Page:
We’ve recently published a paper describing some nice extensions to the “boxed molecular dynamics” (BXD) rare event method (open-access draft available here). BXD is a method that I’ve been working on for the last few years for accelerating rare events in chemical simulations (there’s a 1-d implementation available in the CHARMM package).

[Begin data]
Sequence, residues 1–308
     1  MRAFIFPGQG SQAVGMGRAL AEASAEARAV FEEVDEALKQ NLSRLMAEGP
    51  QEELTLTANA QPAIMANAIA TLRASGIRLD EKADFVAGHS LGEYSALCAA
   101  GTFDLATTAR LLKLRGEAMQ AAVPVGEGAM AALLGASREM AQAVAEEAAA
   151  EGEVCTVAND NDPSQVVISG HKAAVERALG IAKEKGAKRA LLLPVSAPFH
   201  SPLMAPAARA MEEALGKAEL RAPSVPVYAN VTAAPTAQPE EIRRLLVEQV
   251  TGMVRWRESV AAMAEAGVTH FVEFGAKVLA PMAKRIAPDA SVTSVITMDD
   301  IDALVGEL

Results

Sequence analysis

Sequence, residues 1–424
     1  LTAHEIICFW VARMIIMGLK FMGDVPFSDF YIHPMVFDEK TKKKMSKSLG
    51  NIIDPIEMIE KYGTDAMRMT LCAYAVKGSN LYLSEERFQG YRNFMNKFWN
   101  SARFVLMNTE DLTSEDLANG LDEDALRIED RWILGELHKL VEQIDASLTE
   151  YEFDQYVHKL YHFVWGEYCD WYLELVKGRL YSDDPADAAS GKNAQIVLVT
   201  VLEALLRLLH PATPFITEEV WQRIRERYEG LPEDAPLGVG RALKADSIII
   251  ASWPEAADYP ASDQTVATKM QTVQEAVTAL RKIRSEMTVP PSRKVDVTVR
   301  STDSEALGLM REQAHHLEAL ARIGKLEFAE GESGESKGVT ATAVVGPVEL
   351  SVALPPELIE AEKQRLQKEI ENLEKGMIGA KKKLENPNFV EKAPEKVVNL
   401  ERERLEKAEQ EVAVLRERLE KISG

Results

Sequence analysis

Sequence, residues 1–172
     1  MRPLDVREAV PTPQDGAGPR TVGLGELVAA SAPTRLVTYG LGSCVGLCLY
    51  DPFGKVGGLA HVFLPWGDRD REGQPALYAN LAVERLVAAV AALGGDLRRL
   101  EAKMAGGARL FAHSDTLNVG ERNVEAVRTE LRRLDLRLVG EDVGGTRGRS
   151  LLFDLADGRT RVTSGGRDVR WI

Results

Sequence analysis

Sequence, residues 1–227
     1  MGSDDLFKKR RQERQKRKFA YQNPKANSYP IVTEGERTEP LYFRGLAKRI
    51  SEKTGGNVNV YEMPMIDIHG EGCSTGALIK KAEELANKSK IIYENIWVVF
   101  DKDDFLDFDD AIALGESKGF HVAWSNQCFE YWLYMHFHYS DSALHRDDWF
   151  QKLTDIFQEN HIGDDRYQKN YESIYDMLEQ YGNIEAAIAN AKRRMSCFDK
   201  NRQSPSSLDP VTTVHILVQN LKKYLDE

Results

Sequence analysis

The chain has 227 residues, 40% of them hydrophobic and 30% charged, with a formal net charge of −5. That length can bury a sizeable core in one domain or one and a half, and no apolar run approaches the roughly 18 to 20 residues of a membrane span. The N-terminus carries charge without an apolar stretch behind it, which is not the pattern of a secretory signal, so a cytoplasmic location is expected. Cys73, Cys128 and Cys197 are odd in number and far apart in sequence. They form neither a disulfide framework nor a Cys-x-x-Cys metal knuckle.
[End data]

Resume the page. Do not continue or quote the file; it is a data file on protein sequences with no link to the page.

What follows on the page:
The underlying BXD idea is straightforward: assuming I have a chemical transformation that I want to study, and some sense of the collective variables (CVs) that are important along the transformation pathway, I can splice the CV space into a set of ‘boxes’. A “box” is defined as a region of configuration space that lies between two boundaries; within any given box, a trajectory runs on a potential energy surface which is unmodified. If the trajectory crosses a particular box boundary, a velocity inversion operation is performed to keep it within the specified box. BXD simulations are run by locking the system within a set of adjacent ‘boxes’, and then performing statistical analysis of the time spent in the each box, and the relative number of hits at the boundaries which define the box. These quantities define box-to-box rate coefficients, which can then be used to calculate a potential of mean force, which is independent of the boundary locations. Choosing BXD boundaries is analogous to the process of specifying umbrellas (in umbrella sampling). A key difference is the fact that umbrella sampling requires two parameters per umbrella (location and force constant); whereas BXD requires only one parameter (location). With the appropriate set of boxes, it is possible to sample spaces that otherwise have a low probability of being populated.